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WARNING: Mexican 7-Up Laced with Meth

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WARNING: Mexican 7-Up Laced with Meth

September 26
15:01 2017

How often have we heard that soft drinks are bad for you? They contain a ton of sugar which is bad on your heart, blood sugar, kidneys and more. It’s been connected to obesity, high blood pressure and type 2 diabetes, all of which increases a person’s risk of heart disease and strokes.

Diet soft drinks aren’t much healthier. The carbonation in diet and regular soft drinks can increase the chance of acid reflux and heartburn, among other things. There is still a lot of controversy surrounding the artificial sweeteners used in diet soft drinks. Some of those artificial sweeteners may have their own health risks. Just because diet soft drinks don’t have all the sugar that regular soft drinks do, but they can still be a factor in weight gain.

When I developed type 2 diabetes, my doctor told me no more soft drinks. At the time, the only soft drink I enjoyed was Dr. Pepper, but that has all ended. I don’t like the taste of diet Dr. Pepper and my doctor told me that there are other issues with diet soft drinks that make them bad for your health. Basically – Don’t drink soft drinks of any kind.

So, when you travel to other countries like Mexico, for years, we have been told not to drink the water. I grew up in Arizona, just a couple hours north of the Mexican border and have visited our southern neighbor a number of times. Today, they tell you take bottled water from home, but back in my day, they didn’t sell of these bottled waters. Drinking the water in Mexico often led to getting what was referred to as Montezuma’s revenge or a bad case of diarrhea. This was usually caused by some bacterial infection found in the water.

If we weren’t supposed to drink the water in Mexico and they didn’t sell bottle water back then, as kids, we had no choice but to drink soft drinks. We often took some with us, but on some of our longer fishing trips to places like Rocky Point (Puerto Peňasco), we wouldn’t have enough soft drinks to last and had to buy soft drinks from the local stores.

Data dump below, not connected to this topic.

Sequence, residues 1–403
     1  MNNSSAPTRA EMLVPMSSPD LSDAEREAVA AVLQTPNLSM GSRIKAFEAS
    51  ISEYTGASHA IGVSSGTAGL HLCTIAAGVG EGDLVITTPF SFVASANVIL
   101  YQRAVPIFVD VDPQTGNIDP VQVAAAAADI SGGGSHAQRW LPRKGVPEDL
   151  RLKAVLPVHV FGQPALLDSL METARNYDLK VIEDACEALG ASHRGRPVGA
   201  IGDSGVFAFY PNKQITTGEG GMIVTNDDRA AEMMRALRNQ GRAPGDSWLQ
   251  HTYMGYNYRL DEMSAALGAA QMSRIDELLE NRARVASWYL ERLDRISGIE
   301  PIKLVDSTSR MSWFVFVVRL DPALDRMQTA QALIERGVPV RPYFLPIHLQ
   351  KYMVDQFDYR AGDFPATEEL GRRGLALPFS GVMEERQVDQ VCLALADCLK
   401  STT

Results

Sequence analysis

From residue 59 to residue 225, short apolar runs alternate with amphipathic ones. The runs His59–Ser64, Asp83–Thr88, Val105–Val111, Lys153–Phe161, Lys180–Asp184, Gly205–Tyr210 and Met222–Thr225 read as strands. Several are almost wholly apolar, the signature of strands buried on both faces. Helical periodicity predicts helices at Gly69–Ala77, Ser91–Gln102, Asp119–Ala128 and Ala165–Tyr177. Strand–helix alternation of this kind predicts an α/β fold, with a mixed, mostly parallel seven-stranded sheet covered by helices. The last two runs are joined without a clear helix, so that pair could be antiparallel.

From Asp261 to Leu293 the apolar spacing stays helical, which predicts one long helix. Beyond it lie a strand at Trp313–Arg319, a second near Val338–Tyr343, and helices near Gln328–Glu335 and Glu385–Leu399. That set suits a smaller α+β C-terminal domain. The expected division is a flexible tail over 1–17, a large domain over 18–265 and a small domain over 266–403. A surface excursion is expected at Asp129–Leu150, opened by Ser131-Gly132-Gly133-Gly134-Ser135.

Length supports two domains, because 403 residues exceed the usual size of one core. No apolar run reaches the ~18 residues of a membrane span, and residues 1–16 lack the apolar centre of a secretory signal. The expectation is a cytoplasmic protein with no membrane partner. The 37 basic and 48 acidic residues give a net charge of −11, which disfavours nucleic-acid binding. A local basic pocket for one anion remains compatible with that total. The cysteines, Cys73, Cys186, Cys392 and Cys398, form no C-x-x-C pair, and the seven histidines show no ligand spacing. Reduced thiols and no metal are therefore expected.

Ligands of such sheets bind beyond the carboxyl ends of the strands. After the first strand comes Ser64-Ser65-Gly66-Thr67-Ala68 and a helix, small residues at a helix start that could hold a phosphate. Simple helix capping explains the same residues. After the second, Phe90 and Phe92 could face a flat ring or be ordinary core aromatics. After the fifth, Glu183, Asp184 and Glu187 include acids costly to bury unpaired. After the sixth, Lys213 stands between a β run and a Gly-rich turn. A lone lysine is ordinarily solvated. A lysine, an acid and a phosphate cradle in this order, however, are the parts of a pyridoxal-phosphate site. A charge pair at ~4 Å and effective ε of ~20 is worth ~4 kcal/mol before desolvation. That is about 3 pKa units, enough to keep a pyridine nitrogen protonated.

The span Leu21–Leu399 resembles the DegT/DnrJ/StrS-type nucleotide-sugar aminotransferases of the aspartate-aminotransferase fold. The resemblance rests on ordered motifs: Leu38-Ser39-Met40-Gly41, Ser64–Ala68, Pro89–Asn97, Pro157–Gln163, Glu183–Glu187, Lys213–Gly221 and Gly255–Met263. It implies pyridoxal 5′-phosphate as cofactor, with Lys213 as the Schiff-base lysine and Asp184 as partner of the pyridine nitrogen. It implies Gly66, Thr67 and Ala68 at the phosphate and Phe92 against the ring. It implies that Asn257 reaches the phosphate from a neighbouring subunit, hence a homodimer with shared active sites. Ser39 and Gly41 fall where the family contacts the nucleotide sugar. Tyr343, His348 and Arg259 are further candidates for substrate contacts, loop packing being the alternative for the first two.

Back then, the soft drinks we bought were not a problem, but today, there is a health warning being issued about drinking 7-Up bottled in Mexico. Whether you are in Mexico, other Central American countries or in any of our southern border states, beware of 7-Up from Mexico.

Why the health warning?

“Medical Toxicologists and Emergency Department physicians are on high alert after reports of tampering to soft drinks emerged from Mexico several days ago. These reports indicate that 7UP® bottles consumed in Mexicali, Mexico, were contaminated with methamphetamine. An investigation is underway to determine how the drinks were contaminated.”

“Experts remind people to be vigilant when traveling. ‘It is important to check that the seal for any food and drink consumed is still intact and show no signs of tampering,’ said Dr. Daniel Brooks, Banner Poison and Drug Information Center medical director. ‘If you notice any difference in color, taste or smell, throw it out’.”

“Side-effects from this soft drink contamination can present suddenly and may result in life threatening illness. Symptoms may include:

  • Irritation of, or abnormal taste in, the mouth our throat
  • Burning to the esophagus or abdomen
  • Nausea or vomiting
  • Difficulty breathing
  • Fast or irregular heartbeat”

The meth-laced 7-Up was mostly confined to 2-liter bottles produced in Mexico. So far, there has been at least 1 death and a number of people hospitalized after drinking the contaminated soft drink.

So, if you are traveling to Mexico or anywhere in Central America, don’t drink the water and don’t drink the 7-Up.

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